I went through a brief period in high school when I was positively obsessed with Jimmy Stewart. It was when I first started to get into older films, and I devoured Harvey, Mr. Smith Goes to Washington, The Philadelphia Story, Destry Rides Again and a bunch of other movies that starred Stewart. I didn’t watch It’s a Wonderful Life, though.
When I was in college, I took a class on Howard Hawkes that also encompassed some of his contemporaries, including It’s a Wonderful Life’s director, Frank Capra. We watched westerns, political movies, and romances, but we never watched It’s a Wonderful Life.
In other words, despite the fact that I really love everything about this movie (including Christmas, which I don’t know if you’ve noticed or not, I kind of love), I haven’t seen It’s a Wonderful Life since I was a pre-teen.
Watching it again, I am a little overwhelmed by just how lovely this movie is. At the worst times of the year, I am a sucker for stories about the inherent potency of decency. The tale of George Bailey, who went through a whole lot of tragedy while trying to do good in the world, is probably even more potent now.
At the same time, Capra’s worldview is almost painfully naïve at times. Given the adorably simple economics that power Bailey’s rise to everyman hero, it’s tempting of course to compare the Great Depression-era heroics to the modern Great Recession-era anti-heroics. But Capra’s story isn’t so much about the actual mechanics of the bank story as about the resilience of the human spirit to do good. It’s a Wonderful Life is also the only Christmas movie I’ve watched so far that has God as a character, albeit a starry nebula character.
Now to the plot, It’s A Wonderful Life is told in medias res, starting with an angel (Clarence) getting the job of saving George Bailey. Then, it quickly starts with the beginning of Bailey’s life. Bailey’s life, on the face of it, was not a big life. He yearned for one. He talked a big game about traveling the world and leaving the town he grew up in in the dust. And he worked hard for it. But every time he tried to leave, the universe (God?) stops him. He’s about to leave for Europe, his Dad has a stroke. He’s about to go to college, the evil Mr. Potter threatens to take over his business. Four years later, his brother comes home with a wife who offers the brother a way out of their town.
George, smart, kind, and compassionate George, ends up staying in town and he never leaves. The taint of that failure (in George’s eyes) follows him into his future, and even as he builds a life for himself in Bedford Falls there’s always a part of him that wonders if he wasn’t meant for something more.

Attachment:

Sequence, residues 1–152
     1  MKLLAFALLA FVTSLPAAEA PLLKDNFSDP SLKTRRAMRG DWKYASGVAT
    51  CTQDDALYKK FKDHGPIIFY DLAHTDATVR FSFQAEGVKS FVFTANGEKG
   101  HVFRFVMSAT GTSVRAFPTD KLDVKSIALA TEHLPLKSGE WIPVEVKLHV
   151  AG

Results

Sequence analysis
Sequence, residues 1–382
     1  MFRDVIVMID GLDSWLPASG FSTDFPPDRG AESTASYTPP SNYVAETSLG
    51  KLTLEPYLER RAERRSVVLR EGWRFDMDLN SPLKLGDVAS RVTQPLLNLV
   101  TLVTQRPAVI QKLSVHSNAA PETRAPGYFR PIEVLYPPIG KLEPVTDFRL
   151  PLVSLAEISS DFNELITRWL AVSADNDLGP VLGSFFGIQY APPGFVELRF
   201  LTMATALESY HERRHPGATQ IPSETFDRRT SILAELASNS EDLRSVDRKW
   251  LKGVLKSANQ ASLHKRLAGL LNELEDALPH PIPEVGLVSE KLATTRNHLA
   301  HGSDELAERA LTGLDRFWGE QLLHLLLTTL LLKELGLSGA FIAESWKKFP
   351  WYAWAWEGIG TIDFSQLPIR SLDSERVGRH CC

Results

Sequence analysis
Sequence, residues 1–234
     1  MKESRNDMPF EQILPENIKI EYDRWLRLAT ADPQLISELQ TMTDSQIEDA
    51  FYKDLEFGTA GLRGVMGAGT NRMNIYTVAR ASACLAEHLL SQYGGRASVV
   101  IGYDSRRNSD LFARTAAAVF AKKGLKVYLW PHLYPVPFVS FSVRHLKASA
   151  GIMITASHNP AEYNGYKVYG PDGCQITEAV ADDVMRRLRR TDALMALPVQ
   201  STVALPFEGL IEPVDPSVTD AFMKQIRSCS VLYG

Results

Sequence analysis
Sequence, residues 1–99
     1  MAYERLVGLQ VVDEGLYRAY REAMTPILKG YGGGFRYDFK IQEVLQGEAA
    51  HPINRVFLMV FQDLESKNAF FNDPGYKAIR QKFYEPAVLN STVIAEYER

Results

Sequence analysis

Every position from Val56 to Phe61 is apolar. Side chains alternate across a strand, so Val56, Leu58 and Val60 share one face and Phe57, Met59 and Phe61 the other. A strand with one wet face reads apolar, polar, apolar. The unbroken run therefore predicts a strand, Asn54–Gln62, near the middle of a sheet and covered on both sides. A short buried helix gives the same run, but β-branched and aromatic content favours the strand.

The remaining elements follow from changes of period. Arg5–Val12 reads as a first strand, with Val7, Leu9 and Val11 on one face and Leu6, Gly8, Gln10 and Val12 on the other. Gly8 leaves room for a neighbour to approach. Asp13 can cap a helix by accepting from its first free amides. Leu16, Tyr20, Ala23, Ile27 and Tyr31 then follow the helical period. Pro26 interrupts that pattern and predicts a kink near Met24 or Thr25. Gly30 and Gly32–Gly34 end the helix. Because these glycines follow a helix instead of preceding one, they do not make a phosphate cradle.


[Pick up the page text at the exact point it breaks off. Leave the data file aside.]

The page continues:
When Clarence steps in to stop a Depression-era George from committing suicide, he shows Bailey what life would be like in Bedford Falls without him.
The movie is ready to show us just how big a life Bailey actually lived.
This is pure Capra. His overwhelming belief in the American ideal, even in the face of tragedy, and in the power of the righteous individual is exactly what I mean by “naïve.” But it’s also what makes It’s a Wonderful Life a Christmas classic, a stalwart reminder that despite everything in the world there’s the capacity for good and change. George’s decision to stick around and stick to his guns is what enables the goodness of the whole town to shine through.
There’s a reason that TV shows and movies alike have been stealing this plot for years. It’s absurdly moving. Who hasn’t occasionally looked around at their life and wondered if the world around them would be better without them? Who hasn’t occasionally wondered if the road not taken was the right one? But the original, by mixing Christmas and Capra and the greatest parts of the “Greatest Generation,” is profoundly moving.
By the time the hapless angel Clarence shows up and starts showing George what life would be like without him, you’re already an hour and a half in, and deeply invested in this man’s salvation. He shows him a world without one man’s goodness, and shows the incredible ways that one life can touch all the others. I dare you to sit through the whole movie and not tear up when all the town’s people we’ve spent this movie with show up to help old George out. I know I sure couldn’t.
• “Mr. Potter, that this rabble you’re talking about… they do most of the working and paying and living and dying in this community. Well, is it too much to have them work and pay and live and die in a couple of decent rooms and a bath?” The 99% should adopt this as their motto
• “You know, George, I feel that, in a small way, we are doing something important. Satisfying a fundamental urge. It’s deep in the race for a man to want his own roof and walls and fireplace, and we’re helping him get those things in our shabby little office.” Don’t you wish the people at the big banks felt this way about their jobs?
• “Why don’t you go to the riffraff you love so much and ask them to lend you the money?” awww, Mr. Potter, what beautiful foreshadowing.